• Oxford Historian Richard Carwardine: 1619 is “a preposterous and one-dimensional reading of the American past”
• World Socialists: "the 1619 Project is a politically motivated falsification of history" by the New York Times, aka "the mouthpiece of the Democratic Party"
• Dan Gainor on 1619 and rewriting history: "To the Left elite like the NY Times, there’s no narrative they want to destroy more than American exceptionalism"
• Utterly preposterous claims: The 1619 project is a cynical political ploy, aimed at piercing the heart of the American understanding of justice
• One of the Main Sources for the NYT's 1619 Project Is a Career Communist Propagandist who Defends Stalinism
• A Pulitzer Prize?! Among the 1619 Defenders Is "a Fringe Academic" with "a Fetish for Authoritarian Terror" and "a Soft Spot" for Mugabe, Castro, and Even Stalin
• "Full of left-wing sophomoric drivel": The New York Times — already drowning in a fantasy-land of alternately running pro-Soviet Union apologia and their anti-American founding “1619 Project” series — promises to narrow what they view as acceptable opinion even more
• "Deeply Ashamed" of the… New York Times (!), An Oblivious Founder of the Error-Ridden 1619 Project Uses Words that Have to Be Seen to Be Believed ("We as a News Organization Should Not Be Running Something That Is Offering Misinformation to the Public, Unchecked")
• Allen C Guelzo: The New York Times offers bitterness, fragility, and intellectual corruption—The 1619 Project is not history; it is conspiracy theory
• The 1619 Project is an exercise in religious indoctrination: Ignoring, downplaying, or rewriting the history of 1861 to 1865, the Left and the NYT must minimize, downplay, or ignore the deaths of 620,000 Americans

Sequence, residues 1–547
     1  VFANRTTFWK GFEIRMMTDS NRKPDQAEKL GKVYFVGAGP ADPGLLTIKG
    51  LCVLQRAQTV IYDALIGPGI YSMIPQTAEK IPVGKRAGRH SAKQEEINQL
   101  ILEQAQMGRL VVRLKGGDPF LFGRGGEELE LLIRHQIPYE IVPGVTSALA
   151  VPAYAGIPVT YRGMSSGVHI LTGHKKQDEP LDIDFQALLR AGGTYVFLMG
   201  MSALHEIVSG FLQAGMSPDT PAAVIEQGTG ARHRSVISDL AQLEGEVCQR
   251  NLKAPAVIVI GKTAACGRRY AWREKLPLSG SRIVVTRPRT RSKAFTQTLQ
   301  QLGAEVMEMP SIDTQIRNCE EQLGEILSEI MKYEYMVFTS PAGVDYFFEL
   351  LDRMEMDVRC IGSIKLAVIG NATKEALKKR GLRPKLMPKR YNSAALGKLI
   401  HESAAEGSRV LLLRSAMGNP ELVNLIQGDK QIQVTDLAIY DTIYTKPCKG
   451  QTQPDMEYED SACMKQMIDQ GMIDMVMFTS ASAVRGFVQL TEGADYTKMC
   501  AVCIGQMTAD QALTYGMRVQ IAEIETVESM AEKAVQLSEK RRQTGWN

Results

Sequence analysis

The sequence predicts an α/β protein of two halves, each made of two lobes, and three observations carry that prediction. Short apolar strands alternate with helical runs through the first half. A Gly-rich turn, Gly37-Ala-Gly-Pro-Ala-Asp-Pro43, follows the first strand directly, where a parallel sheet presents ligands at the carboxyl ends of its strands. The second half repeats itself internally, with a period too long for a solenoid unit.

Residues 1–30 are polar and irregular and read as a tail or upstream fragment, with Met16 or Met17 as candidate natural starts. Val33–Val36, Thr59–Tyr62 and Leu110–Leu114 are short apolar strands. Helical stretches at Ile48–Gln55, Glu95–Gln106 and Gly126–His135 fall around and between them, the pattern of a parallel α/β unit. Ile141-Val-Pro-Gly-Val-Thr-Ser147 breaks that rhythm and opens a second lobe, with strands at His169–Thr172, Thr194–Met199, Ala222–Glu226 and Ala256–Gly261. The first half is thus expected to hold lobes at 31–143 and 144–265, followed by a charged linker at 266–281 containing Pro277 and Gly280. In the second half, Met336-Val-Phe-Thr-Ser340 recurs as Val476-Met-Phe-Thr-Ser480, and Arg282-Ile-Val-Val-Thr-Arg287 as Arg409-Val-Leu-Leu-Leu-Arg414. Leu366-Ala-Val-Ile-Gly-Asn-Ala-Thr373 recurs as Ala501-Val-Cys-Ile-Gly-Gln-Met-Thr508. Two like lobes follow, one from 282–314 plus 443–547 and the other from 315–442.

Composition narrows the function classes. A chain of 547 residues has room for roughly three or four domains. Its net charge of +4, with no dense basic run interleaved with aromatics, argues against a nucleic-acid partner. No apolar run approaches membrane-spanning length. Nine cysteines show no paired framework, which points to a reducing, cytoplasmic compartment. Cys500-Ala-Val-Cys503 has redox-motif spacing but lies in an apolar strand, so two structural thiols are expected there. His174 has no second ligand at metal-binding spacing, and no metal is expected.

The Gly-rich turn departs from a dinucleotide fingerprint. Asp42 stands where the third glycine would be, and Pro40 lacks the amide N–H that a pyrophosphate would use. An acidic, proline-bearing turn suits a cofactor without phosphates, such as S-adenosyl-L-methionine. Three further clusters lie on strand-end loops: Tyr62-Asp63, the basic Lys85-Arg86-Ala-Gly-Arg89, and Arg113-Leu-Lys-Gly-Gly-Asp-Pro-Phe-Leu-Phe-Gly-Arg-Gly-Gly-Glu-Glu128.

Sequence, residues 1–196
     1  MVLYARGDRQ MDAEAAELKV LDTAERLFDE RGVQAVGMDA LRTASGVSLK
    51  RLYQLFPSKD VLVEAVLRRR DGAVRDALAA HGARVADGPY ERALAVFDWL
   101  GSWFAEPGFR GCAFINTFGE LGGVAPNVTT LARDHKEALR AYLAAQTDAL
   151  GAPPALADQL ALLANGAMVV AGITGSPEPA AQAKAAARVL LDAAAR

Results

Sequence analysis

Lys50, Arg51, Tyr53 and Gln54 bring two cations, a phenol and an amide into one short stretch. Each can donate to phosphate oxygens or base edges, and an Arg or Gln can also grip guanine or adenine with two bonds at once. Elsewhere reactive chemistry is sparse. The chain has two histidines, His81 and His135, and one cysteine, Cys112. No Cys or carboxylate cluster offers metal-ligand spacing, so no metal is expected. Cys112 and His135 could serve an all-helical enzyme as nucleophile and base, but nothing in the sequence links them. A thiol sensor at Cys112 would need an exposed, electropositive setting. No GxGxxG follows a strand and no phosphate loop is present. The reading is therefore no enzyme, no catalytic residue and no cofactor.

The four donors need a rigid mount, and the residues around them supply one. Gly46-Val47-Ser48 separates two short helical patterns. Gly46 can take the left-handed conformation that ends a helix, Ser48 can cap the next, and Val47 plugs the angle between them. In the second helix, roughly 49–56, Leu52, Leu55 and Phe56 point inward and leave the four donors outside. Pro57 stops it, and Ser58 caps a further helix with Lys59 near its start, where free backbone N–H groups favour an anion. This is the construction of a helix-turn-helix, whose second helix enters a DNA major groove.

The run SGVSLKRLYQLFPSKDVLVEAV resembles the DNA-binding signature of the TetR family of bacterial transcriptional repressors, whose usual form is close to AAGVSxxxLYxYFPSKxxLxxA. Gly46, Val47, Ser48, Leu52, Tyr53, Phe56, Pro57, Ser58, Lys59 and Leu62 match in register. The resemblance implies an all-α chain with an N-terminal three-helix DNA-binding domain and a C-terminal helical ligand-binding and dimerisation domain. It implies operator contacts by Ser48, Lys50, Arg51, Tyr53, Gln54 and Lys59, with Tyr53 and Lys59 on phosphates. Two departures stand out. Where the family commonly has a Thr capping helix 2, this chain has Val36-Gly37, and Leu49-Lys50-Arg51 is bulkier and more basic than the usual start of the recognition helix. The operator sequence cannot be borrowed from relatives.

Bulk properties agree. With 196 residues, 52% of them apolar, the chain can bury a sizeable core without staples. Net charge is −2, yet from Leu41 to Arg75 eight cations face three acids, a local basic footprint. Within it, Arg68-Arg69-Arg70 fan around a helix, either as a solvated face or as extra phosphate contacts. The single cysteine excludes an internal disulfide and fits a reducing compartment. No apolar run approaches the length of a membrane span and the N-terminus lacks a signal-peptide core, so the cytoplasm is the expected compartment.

• Fake But Accurate: The People Behind the NYT's 1619 Project Make a "Small" Clarification, But Only Begrudgingly and Half-Heartedly, Because Said Mistake Actually Undermines The 1619 Project's Entire Premise
• 1619 and The Collapse of the Fourth Estate by Peter Wood: No one has been able to identify a single leader, soldier, or supporter of the Revolution who wanted to protect his right to hold slaves (A declaration that slavery is the founding institution of America and the center of everything important in our history is a ground-breaking claim, of the same type as claims that America condones rape culture, that 9/11 was an inside job, that vaccinations cause autism, that the Moon landing was a hoax, or that ancient astronauts built the pyramids)
• Mary Beth Norton: In 1774, a year before Dunmore's proclamation, Americans had already in fact become independent
• Most of the founders, including Thomas Jefferson, opposed slavery’s continued existence, writes Rick Atkinson, despite the fact that many of them owned slaves